you will first be given other medicines. If you do not respond well enough to these medicines, you
may be given Simponi to:
Reduce the signs and symptoms of your disease.
Improve your physical function.
2. BEFORE YOU USE SIMPONI
Do not use Simponi
If you are allergic (hypersensitive) to golimumab or any of the other ingredients of Simponi
(listed in Section 6 “What Simponi contains”).
If you have tuberculosis (TB) or any other severe infection.
If you have moderate or severe heart failure.
If you are not sure if any of the above applies to you, talk to your doctor or pharmacist before using
Simponi.
Take special care with Simponi
Tell your doctor before using Simponi if you have any of the following:
Infections
Tell your doctor straight away if you already have or get any symptoms of infection, during or after
your treatment with Simponi. Symptoms of infection include fever, cough, shortness of breath, flu-
like symptoms, diarrhoea, wounds, dental problems or a burning feeling when urinating.
You may get infections more easily while using Simponi.
Infections may progress more rapidly and may be more severe. In addition, some previous
infections may reappear.
Tuberculosis (TB)
Tell your doctor straight away if symptoms of TB appear during or after your treatment.
Symptoms of TB include persistent cough, weight loss, tiredness, fever or night sweats.
Cases of TB have been reported in patients treated with Simponi. Your doctor will test you
to see if you have TB. Your doctor will record these tests on your Patient Alert Card.
It is very important that you tell your doctor if you have ever had TB, or if you have been in
close contact with someone who has had or has TB.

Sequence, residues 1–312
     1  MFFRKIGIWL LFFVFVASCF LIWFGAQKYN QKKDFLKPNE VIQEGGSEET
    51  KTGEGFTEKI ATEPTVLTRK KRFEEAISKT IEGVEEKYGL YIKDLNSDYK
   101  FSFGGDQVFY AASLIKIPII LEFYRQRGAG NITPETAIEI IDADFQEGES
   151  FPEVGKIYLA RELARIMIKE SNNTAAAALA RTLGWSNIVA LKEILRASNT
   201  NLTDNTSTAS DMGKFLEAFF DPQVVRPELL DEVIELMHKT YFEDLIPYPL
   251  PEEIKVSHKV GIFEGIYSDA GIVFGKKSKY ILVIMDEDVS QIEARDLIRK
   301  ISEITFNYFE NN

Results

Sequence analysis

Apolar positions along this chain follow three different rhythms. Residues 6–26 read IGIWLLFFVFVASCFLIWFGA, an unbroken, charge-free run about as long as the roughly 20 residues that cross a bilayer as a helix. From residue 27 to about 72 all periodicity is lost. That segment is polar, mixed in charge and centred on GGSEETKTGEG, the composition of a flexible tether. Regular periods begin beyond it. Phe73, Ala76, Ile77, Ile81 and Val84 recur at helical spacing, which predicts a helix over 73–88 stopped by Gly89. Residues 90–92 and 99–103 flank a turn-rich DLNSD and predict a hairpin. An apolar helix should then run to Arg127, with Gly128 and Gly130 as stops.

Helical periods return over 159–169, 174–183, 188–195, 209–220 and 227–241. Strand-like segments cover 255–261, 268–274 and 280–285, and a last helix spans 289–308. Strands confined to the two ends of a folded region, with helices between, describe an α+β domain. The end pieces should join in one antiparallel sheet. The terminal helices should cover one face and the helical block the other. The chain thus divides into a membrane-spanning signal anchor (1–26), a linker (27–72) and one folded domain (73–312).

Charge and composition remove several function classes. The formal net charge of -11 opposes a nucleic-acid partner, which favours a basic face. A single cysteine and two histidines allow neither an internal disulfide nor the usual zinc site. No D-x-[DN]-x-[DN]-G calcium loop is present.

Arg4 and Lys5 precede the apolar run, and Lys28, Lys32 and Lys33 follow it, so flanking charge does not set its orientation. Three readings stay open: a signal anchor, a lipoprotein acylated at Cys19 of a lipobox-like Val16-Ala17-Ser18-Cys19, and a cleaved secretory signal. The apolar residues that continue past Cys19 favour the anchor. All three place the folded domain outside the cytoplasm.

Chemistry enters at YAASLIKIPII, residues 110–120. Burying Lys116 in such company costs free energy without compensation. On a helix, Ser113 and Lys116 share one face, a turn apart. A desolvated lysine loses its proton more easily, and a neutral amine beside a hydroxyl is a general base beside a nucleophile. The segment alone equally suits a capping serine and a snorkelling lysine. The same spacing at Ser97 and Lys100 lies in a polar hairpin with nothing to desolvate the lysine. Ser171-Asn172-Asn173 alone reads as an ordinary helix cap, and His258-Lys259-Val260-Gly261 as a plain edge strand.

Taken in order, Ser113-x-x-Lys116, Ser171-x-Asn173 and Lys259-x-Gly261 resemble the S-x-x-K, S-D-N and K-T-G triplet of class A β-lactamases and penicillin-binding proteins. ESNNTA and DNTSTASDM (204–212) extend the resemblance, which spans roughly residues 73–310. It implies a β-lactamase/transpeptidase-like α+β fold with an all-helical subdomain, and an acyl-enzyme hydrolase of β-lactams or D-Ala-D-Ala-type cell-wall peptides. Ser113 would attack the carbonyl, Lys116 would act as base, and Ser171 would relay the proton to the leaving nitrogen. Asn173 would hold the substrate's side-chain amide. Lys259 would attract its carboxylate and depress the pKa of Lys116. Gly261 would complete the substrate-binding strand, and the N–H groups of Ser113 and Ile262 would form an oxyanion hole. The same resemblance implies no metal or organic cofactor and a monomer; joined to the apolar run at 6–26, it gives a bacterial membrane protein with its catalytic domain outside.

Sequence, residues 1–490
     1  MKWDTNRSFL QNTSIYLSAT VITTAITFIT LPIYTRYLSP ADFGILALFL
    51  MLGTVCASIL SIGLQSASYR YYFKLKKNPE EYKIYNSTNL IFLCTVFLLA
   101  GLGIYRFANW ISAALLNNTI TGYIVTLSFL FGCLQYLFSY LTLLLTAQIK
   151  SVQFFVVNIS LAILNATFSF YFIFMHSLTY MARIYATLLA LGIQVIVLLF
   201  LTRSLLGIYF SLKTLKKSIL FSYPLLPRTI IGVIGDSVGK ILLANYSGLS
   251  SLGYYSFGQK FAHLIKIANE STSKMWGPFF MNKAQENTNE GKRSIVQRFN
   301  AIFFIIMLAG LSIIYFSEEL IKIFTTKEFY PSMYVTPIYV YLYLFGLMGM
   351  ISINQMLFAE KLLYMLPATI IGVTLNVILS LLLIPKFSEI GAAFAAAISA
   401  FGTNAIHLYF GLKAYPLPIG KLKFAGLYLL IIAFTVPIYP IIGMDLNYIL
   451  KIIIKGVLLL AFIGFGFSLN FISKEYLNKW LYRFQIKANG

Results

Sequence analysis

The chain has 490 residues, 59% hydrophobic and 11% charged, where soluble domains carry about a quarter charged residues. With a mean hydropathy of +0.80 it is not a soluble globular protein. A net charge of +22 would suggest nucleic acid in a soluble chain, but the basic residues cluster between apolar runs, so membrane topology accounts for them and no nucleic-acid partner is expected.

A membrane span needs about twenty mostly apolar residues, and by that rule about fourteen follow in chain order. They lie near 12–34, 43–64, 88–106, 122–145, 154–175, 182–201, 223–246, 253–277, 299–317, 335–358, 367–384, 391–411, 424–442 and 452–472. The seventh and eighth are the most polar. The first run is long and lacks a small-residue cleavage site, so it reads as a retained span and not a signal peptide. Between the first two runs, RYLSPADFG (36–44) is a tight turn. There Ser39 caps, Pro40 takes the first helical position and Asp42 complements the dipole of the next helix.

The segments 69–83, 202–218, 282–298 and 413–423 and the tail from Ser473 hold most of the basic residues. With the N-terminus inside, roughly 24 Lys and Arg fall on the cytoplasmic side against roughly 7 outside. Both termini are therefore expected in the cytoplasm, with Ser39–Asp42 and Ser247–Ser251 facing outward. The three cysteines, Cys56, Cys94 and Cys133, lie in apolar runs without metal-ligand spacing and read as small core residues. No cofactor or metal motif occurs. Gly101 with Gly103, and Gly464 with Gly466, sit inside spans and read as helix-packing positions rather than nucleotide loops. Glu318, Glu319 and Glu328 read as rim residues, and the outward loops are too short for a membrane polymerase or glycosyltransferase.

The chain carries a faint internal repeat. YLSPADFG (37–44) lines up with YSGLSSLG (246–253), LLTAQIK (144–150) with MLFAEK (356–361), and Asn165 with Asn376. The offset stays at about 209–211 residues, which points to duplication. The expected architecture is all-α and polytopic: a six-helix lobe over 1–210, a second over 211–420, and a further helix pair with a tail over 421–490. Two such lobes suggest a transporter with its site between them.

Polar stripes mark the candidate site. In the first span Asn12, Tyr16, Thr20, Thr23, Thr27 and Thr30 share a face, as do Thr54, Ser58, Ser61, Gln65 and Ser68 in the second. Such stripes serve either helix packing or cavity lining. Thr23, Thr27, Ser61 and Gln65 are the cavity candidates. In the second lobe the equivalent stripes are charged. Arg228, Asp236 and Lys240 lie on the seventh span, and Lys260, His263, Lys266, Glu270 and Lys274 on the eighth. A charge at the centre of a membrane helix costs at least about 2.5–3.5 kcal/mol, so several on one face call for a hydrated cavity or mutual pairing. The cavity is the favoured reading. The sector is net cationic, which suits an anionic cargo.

If your doctor feels that you are at risk of TB, you may be treated with medicines for TB
before you begin using Simponi.
Hepatitis B virus (HBV)
Tell your doctor if you are a carrier or if you have or have had HBV before you are given
Simponi.
Tell your doctor if you think you might be at risk of contracting HBV
Your doctor should test you for HBV
Treatment with TNF blockers such as Simponi may result in reactivation of HBV in patients
who carry this virus, which can be life-threatening in some cases.
Invasive fungal infections
If you have lived in or travelled to an area where infections caused by specific type of fungi that
can affect the lungs or other parts of the body (called histoplasmosis, coccidioidomycosis, or
blastomycosis), are common, tell your doctor straight away. Ask your doctor if you don’t know if
these fungal infections are common in the area in which you have lived or travelled
Vaccinations
64
Talk to your doctor if you have had, or are due to have a vaccine.
You should not receive certain (live) vaccines while using Simponi.
Operations or dental procedures
Talk to your doctor if you are going to have any operations or dental procedures.
Tell your surgeon or dentist performing the procedure that you are having treatment with
Simponi by showing them your Patient Alert Card.
Cancer and lymphoma
Tell your doctor if you have ever been diagnosed with lymphoma (a type of blood cancer) or any
other cancer before you use Simponi.
If you use Simponi or other TNF blockers, your risk for developing lymphoma or another cancer
may increase.
Patients with severe rheumatoid arthritis and other inflammatory diseases, who have had the